With 12 million event industry professionals out of work, everyone is pivoting as fast and as much as they can. With COVID, plus the election, searching for work, physical distancing, zoom call upon zoom call and so much more this has created a new kind of fatigue. Pandemic fatigue.
Many of us are used to extremely long hours, physical labor, and having to adapt on the fly, which means many of us don’t know how to stop, slow down, or how to wait it out; especially having to do it for 6 months plus straight. Some days I feel more tired than I ever did on a 5-day show run. Self-care in times like these are extremely important. I know I’ve written about self-care before, however, as 2020 drags on self-care continues to look different for everyone and becomes even more important.
Maintain a routine if you can build a new one if you need to. I had to build a new routine, otherwise, I found myself not getting dressed and watching way too much tv. A few of the things I have added to my routine are volunteering, cooking/baking, reading for fun, and hanging with my nephews more. Other things you could add are journaling, a new exercise routine, DIY home improvements, or exploring your city. Build a routine to avoid depression and anxiety. At the same time, it’s ok to give yourself a break and let yourself off the hook; there is a lot going on.
This new routine is about finding a new balance. We are on an informational and emotional roller-coaster. Take a mental break from the news and social media – re-read your favorite childhood book series or start a new one. Explore that park you always drove by, but never stopped at. Find folks to socialize with who understands what you are going through. Find people who understand you may be emotional. That you might need to adjust the days’ plan due to how you’re feeling or an opportunity you need to follow up on. People who will support you in any way you need. A support system or network in these times are very important and so are the people you lean on when you need to. Find a balance in your routine that provides motivation, but allows you to adjust if things just don’t feel right. Develop your support network too.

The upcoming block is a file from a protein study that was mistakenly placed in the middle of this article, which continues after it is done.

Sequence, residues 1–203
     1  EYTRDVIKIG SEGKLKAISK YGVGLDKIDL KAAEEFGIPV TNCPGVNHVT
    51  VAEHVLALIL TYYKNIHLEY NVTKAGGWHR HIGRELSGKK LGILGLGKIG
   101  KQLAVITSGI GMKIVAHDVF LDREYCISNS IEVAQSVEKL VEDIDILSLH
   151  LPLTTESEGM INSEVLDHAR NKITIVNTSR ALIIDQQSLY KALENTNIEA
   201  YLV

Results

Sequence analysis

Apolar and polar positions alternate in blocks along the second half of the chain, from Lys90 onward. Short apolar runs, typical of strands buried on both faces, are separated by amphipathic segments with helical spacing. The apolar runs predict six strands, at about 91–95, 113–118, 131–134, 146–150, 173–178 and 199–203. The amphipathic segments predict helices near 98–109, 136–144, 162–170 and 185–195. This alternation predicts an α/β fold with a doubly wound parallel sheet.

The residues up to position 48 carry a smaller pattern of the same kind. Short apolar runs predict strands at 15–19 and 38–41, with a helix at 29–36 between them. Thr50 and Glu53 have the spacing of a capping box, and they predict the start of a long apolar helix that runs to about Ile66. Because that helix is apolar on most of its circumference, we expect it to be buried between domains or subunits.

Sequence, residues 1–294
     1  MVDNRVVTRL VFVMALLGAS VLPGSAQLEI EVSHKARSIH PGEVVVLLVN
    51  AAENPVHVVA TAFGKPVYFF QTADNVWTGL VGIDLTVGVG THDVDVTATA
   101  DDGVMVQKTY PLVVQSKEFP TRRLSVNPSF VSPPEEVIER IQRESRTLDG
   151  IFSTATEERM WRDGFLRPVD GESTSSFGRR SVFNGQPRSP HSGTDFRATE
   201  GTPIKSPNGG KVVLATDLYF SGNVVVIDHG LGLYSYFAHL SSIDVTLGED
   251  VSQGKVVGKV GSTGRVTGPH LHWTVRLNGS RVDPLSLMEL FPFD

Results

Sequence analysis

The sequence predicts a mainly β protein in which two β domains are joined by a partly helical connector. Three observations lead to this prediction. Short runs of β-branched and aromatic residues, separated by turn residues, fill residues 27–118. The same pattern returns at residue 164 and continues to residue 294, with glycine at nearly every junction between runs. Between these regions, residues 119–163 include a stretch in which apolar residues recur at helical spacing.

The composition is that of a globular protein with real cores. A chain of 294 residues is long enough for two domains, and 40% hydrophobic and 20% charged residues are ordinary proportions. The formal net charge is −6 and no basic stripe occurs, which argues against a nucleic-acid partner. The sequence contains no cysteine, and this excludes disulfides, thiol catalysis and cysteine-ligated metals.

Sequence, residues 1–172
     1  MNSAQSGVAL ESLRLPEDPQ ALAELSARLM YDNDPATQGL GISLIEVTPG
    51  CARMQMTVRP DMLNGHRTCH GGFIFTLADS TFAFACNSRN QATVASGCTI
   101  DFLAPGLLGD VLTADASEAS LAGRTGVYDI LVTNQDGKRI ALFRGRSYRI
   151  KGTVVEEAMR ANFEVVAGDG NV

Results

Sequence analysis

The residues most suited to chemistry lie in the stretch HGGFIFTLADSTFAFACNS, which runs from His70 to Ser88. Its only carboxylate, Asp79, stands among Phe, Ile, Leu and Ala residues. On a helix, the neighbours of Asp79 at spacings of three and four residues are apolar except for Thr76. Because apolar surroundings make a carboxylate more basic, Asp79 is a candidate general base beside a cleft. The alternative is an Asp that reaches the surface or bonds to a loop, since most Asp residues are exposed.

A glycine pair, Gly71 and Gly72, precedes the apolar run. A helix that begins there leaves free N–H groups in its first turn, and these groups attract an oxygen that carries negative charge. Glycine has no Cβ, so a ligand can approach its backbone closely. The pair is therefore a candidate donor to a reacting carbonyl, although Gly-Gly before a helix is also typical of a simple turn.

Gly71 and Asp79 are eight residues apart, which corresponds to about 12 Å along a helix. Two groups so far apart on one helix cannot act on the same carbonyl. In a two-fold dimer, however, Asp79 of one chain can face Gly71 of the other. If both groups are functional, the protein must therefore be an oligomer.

Also, if you’re like me you’re on a new and very tight budget. I had to redo my budget to cut out any ‘frivolous spending’ aka anything extra and fun. Maintaining my living expenses have become a huge concern and point of stress. I probably went a little overboard, cutting anything not needed right away which took a lot of fun activities off the table early. Now that I have rebalanced my budget ensuring I can make ends meet I find I desire to put some of the fun items back in all the while thinking I have to make sure I’m filling my rainy-day account because who knows what unexpected expense could pop up. Luckily my support network reminded me it’s ok to treat myself once in a while too. It is ok to buy that one dinner out or get that new piece of gear. Try that new food truck that opened down the block. Buy the new shoes you’ve been needing but avoiding. Yes, the budget is tight but again self-care is important. Find a balance that can be maintained and develop your routine around it.
Develop a routine that includes self-care and a support network. We’ll need to continue to prepare for the long run as we all know our industry will not open up overnight. This is going to take time, patience, and a lot of support. Find joy where you can, stave off the fatigue, anger, and fear as needed. Rely on your network and your routine to make it through this because we will make it through and we will be stronger as individuals and a stronger industry once we get to do what we love again.
Also, a little PSA:
Don’t forget to look for and utilize your local resources for help, many counties and states have assistance programs in place – food shelves, health insurance help, budgeting assistance, or even resume creating and job finding support. Use these systems, they exist for this specific reason and there is no shame in using them to make it through. These resources can help relaxed financial or job worries and help bring peace of mind during these times.
And take care of your mental health.
Heather Holm: Based in Saint Paul, MN; Heather has held many positions in the sound, production, and events business. Most recently as a Production Manager serving the Twin Cities area. She holds a BA in Broadcasting and Digital Media Communication and an MS in Organizational Change Leadership. Prior to taking a position with a private production firm, Heather has over seven years of working in higher education dealing with event logistics and production technology and had also been freelancing in the field for several years.